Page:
Happy 100th Global Village Birthday

Time flies when you’re in a hot medium. 100 years ago tomorrow, Canadian media pioneer Herbert Marshall McLuhan was born. In honor of this centennial, his American publisher, Gingko Press, is getting the word out. Here are a few:

His provocative theses caused him to become one of the most popular and controversial intellectuals of the 1960s and fundamentally altered – not just in the academic realm – our relationship with media. Especially today, when the political impact of media technologies such as the Internet, Web 2.0 and wireless communication is increasingly visible, McLuhan’s visionary thoughts about networking and participation in the “global village“ are becoming even more plausible. Celebrate with us! And discover (anew) the experimental thinker and keen analytical mind of early consumer culture.

He turned out to be more prescient than anyone would have expected. What he would have done with or said about the Internet is subject for speculation, but certainly he’s enjoying the spectacle of interaction and social networking wherever he currently resides. And here are some quotes from the man who massaged the medium -

“Official culture still strives to force the new media to do the work of the old media. But the horseless carriage did not do the work of the horse; it abolished the horse and did what the horse could never do. The audience, as ground, shapes and controls the work of art.”

“In the information age of the magnetic city all “hardware” city forms are obsolescent and tend toward the status of tourist attractions and museums. The old “hardware” form is made vivid by the new ‘software’ frame, or information surround. What had been ground becomes figure in a new figureground relationship.”

“The environment is always ‘invisible’ and its content is always the old technology.”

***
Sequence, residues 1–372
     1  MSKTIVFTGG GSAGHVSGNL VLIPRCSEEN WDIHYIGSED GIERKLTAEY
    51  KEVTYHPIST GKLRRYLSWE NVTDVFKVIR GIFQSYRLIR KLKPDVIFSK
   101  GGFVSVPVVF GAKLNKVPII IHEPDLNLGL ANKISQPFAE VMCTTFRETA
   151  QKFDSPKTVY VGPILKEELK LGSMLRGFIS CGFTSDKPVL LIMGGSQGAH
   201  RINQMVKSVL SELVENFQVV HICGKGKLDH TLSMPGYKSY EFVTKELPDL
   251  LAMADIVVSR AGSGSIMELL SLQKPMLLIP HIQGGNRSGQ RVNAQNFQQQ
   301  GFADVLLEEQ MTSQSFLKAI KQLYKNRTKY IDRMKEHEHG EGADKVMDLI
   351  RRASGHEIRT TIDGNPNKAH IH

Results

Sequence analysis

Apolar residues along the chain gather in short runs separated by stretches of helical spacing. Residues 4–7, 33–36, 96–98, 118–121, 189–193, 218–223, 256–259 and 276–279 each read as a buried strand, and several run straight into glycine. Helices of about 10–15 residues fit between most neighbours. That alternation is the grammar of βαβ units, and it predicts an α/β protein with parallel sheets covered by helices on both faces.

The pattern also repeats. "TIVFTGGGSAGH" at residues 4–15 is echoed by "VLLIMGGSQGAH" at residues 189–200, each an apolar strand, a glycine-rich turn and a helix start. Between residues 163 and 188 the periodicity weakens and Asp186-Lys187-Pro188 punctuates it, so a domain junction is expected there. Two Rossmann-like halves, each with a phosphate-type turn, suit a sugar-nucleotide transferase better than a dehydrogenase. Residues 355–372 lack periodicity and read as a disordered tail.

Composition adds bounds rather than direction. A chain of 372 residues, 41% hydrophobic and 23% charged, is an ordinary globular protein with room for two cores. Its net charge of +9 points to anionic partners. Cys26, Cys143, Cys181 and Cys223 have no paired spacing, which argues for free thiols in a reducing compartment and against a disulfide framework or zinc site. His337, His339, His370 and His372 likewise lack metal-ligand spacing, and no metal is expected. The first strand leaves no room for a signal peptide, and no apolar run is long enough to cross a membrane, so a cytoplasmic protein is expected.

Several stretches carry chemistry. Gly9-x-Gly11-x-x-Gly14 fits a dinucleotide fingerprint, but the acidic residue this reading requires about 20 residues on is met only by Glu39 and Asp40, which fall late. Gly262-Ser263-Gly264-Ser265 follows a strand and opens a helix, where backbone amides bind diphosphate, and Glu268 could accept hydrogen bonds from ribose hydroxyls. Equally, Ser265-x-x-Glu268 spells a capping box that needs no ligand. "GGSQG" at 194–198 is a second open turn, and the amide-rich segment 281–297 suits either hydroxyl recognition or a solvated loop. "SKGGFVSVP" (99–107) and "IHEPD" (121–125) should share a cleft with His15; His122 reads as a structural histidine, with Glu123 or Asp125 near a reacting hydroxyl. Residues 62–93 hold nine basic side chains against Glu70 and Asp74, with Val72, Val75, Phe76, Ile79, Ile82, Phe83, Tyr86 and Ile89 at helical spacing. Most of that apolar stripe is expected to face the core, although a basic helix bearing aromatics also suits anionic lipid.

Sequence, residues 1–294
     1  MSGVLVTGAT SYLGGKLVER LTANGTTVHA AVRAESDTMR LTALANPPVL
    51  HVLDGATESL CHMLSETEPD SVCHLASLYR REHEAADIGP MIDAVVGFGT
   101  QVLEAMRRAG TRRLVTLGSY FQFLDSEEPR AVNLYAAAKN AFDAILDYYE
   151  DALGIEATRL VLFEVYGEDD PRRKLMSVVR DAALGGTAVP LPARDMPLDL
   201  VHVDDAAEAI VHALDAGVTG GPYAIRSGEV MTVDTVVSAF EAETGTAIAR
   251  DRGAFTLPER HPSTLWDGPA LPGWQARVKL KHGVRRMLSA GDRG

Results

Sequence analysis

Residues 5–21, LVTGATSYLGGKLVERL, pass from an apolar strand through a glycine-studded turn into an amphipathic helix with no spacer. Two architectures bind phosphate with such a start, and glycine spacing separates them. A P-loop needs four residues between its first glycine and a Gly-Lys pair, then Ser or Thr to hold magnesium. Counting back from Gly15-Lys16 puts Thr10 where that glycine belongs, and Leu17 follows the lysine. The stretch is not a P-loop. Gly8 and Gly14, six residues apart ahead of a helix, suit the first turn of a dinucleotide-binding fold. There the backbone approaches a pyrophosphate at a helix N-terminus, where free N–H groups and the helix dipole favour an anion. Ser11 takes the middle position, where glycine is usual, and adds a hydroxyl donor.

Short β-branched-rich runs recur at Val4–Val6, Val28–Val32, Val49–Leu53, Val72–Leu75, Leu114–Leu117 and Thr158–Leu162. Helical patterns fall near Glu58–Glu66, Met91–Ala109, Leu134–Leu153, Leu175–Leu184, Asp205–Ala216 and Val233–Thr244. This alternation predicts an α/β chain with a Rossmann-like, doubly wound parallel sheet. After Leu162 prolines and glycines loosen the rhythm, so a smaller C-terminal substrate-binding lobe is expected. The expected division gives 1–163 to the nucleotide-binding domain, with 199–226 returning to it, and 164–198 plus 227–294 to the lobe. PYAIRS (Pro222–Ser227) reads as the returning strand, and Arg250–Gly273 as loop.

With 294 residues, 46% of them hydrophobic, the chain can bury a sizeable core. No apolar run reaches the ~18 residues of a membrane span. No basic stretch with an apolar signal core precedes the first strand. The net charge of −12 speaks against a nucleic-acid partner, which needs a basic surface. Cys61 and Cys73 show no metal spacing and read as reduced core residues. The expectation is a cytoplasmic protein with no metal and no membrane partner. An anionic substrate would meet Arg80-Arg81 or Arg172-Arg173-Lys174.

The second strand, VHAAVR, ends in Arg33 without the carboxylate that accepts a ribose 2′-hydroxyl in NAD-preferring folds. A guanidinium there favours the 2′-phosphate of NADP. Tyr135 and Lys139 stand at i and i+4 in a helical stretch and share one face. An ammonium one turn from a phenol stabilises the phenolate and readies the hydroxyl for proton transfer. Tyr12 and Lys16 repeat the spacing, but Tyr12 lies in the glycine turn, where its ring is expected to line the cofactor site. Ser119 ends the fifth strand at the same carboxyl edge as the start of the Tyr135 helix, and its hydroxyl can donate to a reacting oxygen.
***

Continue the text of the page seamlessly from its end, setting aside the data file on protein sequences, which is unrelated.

“When I say that ‘the medium is the message’ I don’t question the ‘content,’ but point out that every medium is a hidden service environment.”

“To say that any technology or extension of man creates a new environment is a much better way of saying that the medium is the message.”

“Any new technology, any extension or amplification of human faculties when given material embodiment, tends to create a new environment. This is true of clothing as of speech, or script, or wheel. This process is more easily observed in our own time when several new environments have been created.”

“It is the framework that changes with new technology, and not just the picture within the frame. All media are active metaphors in their power to translate experience into new forms.”

“The ‘content’ of any medium is another medium.”

“Each new technology is a reprogramming of sensory life.”

“All human tools and technologies, whether house or wrench or clothing, alphabet or wheel, are direct extensions, either of the human body or of our senses.”

“Media technology is an abstraction and extension of one or another of our senses. Today our total sensorium is externalized.”

“My whole fallacy is wrong.”

[See Bruno Monguzzi's Leonardo's Horse on yesterday's Nightly Daily Heller.]

Herbert Marshall McLuhan

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3 COMMENTS

  1. Everyone, and I mean everyone, read McLuhan when I was in college during the late 60s and early 70s. At the time, I thought his writings were interesting, but not particularly useful. Today, I realize how much his writing influenced my thinking and the way I look at media. It would be fascinating to read his work from today’s perspective. Has the internet created another generation gap like the pre-television and post television generation gap?

  2. I do not care how brilliant Woody Allen is. America has collectively chosen to overlook the fact that he is an incestuous pedophile. I remain disgusted by the fact that because he is famous, he was not prosecuted. Sexually abusing his mildly retarded daughter and then marrying her is an amazing violation. Shame on America for continuing to glorify his talents instead of putting him in prison.